Saturday, April 26, 2014

Celebrate International Jazz Day April 30th This Wednesday with Giacomo Gates & Trio at the Stamford Palace Theatre

Giacomo Gates and Ed Howard photo by Ralph A. Miriello 2013

In Novemeber 2011, the United Nations Educational, Scientific, and Cultural Organization (UNESCO)
officially designated April 30th as International Jazz Day in order to highlight jazz and its diplomatic role in uniting people in all corners of the globe.

Jazz has a long history of successfully bridging the gap between various cultural and ideological differences. The United States, through its State Department, has sponsored jazz artists to tour foreign countries as good will ambassadors. The music has been an invaluable vehicle for sending positive images of our national intentions to other countries.  Jazz artist like Dave Brubeck, Dizzy Gillespie and most famously Louis Armstrong have all been instrumental in improving relations  with other countries through the positive vibes offered through the performances of their music abroad. The artists sent strong  messages of peace, friendship and goodwill through the all the powerful medium of their music. Jazz has proven to be an international language that accepts no political or geographic boundaries. This year in Osaka, Japan a stellar line-up of top jazz musicians will celebrate this special day with an All Star Global Concert from the Osaka Castle Park in Japan.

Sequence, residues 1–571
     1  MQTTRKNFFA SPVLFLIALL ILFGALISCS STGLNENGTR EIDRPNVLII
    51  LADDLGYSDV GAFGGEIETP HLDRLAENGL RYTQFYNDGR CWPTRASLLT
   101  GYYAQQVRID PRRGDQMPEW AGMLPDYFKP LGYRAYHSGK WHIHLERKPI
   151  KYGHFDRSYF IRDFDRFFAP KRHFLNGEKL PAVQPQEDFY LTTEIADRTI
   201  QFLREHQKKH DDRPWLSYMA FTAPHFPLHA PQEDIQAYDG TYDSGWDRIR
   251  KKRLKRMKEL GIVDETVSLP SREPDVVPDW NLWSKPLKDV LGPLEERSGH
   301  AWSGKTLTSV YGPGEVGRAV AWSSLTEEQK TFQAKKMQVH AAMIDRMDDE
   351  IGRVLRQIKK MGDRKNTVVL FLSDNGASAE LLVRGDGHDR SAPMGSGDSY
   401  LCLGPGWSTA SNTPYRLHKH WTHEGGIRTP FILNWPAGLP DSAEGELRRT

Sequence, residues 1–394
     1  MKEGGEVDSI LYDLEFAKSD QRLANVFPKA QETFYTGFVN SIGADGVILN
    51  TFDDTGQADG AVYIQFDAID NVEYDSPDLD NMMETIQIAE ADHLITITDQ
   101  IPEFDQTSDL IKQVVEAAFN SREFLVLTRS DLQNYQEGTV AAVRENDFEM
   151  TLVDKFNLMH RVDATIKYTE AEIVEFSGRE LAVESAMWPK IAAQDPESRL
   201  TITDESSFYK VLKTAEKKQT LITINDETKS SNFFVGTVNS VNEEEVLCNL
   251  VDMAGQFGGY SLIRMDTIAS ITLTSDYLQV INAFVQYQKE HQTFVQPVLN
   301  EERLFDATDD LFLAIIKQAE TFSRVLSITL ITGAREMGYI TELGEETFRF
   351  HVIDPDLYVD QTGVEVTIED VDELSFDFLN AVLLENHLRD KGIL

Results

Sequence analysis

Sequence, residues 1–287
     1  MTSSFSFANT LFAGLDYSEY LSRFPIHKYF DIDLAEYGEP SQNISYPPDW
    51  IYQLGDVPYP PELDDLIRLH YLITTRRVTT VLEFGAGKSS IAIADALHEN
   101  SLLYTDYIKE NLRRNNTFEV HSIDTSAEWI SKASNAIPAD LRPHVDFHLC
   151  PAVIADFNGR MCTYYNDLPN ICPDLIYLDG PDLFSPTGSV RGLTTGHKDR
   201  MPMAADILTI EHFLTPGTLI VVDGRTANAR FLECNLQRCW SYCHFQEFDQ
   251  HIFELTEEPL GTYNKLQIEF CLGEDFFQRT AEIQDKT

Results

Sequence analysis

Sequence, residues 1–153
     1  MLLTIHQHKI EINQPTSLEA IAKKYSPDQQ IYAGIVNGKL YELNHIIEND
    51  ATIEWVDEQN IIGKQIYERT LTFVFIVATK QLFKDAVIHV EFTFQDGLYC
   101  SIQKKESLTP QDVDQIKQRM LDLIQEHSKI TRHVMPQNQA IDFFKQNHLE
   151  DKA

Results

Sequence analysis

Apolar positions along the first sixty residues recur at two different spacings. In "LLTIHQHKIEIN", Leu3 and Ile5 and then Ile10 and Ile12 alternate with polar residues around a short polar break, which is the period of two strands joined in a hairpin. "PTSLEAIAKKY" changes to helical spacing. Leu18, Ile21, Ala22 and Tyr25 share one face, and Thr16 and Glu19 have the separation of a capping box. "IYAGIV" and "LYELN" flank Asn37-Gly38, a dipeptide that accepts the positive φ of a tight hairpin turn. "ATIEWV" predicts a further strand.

In keeping with this celebratory and spiritual undertaking of uniting people around the globe through jazz, I have been working with the creative and receptive people at the Stamford Center of the Arts  to introduce a regular jazz series to the Palace Theatre in Stamford.  The people at SCA have graciously received this notion as one that is keeping with their mission to provide artistic performances to the community. To that end and in celebration of International Jazz Day, the SCA will present  an evening of jazz this Wednesday April 30, 2014 at 8pm at the Palace.  The evening will feature the great jazz vocalist Giacomo Gates and his trio. Mr. Gates is a Connecticut native and longtime resident of Bridgeport. He is a frequent nominee in both the Jazz Journalist Association and Downbeat  magazine annual awards for best male jazz vocalist.